The film’s best scene though lies, curiously, in stark opposition to its surroundings. While the film mostly deals in world-weary futility and melancholy, it’s when it decides to dabble in the playful attitude of comics past when it strikes gold. I speak about a scene highlighting Quicksilver (Evan Peters), a feisty young mutant who lives in super-speed and remains not yet mired in the more serious, political issues related to mutant-kind. In the kitchen of the Pentagon, confronted with numerous guards wielding bullets and ready to shoot, we’re treated to elegant freeze-frame work as we see how he literally passes his time by revolving around the world around him (if that makes sense). He doesn’t just solve the problem though – he takes the time to reach out with his index finger and drink just a hint of orange juice frozen in the air, before amusingly rearranging the guard’s fists to knock themselves and each other out and stopping to move the bullets, like playthings, away from his friend’s heads. Here, his youthful energy rings true, the world at his disposal, kind of like a young mutant would likely feel before being confronted with the depressing cynicism of a world out to get them and the need to hide themselves. Thankfully, he doesn’t have to (his very power gives the appearance of never having done anything suspicious), and he’s having fun with it. The music for this scene, which I won’t spoil, is uncommonly cheeky and wonderfully sly.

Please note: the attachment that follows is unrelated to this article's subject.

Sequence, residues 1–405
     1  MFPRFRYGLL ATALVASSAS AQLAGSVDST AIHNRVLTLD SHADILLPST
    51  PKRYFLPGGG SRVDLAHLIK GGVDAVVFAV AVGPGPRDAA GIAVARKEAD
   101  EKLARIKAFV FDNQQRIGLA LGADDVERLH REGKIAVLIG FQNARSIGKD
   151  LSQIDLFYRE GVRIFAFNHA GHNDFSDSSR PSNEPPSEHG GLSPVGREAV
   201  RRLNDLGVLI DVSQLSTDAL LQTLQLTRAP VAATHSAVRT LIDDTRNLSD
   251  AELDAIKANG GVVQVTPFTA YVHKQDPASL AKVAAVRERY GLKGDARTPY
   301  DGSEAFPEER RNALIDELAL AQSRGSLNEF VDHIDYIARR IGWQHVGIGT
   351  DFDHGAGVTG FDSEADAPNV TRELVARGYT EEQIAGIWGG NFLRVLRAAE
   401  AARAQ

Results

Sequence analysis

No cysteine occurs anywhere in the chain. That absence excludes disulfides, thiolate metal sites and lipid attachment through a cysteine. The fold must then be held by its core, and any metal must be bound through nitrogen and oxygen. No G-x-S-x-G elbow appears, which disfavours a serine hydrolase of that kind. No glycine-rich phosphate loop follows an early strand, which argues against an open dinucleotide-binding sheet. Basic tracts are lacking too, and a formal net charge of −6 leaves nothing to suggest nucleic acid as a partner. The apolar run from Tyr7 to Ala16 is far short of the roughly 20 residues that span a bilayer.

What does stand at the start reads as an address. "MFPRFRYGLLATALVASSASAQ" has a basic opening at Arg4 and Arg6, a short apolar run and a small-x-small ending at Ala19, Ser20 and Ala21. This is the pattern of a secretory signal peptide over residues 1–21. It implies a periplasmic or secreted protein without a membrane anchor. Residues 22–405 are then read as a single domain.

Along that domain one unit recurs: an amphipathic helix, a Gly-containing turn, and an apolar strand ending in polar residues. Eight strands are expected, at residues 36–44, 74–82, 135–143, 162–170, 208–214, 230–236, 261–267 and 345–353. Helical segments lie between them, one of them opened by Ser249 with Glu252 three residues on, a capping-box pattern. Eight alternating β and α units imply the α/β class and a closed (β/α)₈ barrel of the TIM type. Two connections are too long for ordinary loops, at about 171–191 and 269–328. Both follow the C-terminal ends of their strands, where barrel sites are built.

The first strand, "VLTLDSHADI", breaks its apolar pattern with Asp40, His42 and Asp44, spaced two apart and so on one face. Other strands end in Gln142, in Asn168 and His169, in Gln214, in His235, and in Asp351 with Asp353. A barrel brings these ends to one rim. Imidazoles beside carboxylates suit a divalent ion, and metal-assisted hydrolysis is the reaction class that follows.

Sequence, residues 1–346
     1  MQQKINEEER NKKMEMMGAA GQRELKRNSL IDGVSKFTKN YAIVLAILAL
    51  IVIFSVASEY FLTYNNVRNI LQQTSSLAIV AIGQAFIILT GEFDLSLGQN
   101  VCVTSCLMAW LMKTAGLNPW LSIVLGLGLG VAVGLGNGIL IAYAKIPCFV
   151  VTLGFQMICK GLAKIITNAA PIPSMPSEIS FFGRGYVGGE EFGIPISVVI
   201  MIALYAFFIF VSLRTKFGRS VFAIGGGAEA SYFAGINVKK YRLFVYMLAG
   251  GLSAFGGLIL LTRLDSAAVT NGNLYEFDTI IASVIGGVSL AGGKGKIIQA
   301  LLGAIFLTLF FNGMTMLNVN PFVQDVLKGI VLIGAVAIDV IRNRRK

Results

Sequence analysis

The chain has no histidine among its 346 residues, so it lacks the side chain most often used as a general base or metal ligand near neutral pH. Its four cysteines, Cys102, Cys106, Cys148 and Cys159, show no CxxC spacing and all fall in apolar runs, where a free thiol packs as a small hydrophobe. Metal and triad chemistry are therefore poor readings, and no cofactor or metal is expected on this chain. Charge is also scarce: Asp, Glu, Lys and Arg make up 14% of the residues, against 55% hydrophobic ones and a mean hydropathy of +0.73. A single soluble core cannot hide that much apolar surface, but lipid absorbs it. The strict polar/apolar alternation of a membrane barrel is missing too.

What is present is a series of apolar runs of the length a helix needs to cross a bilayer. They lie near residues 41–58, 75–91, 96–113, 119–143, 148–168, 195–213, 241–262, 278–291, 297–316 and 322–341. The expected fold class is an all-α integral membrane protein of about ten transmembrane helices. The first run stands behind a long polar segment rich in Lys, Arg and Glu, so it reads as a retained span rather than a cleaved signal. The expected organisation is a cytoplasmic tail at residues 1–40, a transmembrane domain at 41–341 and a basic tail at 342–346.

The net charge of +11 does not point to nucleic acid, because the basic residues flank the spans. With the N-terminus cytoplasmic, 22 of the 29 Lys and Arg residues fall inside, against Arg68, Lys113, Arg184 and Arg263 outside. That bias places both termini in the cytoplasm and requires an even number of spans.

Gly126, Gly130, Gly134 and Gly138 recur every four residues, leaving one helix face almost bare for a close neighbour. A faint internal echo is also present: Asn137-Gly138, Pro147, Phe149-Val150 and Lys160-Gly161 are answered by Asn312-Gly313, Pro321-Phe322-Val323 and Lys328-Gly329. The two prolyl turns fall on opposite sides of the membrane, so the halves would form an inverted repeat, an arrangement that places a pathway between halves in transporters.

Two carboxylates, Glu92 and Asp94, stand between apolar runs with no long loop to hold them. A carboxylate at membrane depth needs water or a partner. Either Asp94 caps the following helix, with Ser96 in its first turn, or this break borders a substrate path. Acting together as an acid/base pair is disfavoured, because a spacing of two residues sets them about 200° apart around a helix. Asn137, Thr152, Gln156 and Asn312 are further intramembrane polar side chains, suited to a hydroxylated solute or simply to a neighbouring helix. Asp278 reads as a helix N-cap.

This kind of cheery, wide-eyed optimism is what comics used to bring to the world, before they got mired in self-seriousness and the need to be Important films. Not that tackling serious issues is a bad thing, but when the message is presented with the muddle it sometimes is here, maybe the pendulum could stand to swing back a little. The other mutants all have their way of approaching problems, but we’ve seen most of them done better elsewhere. Quicksilver, however, brings another one: teenage rock n’ roll recklessness. It’s not useful all the time, nor is it ideal, but it serves its purpose and it seems to have been forgotten. It’s the least filmmakers could do for this cynical world, if only occasionally: standing defiantly against it rather than struggling to find a place within it.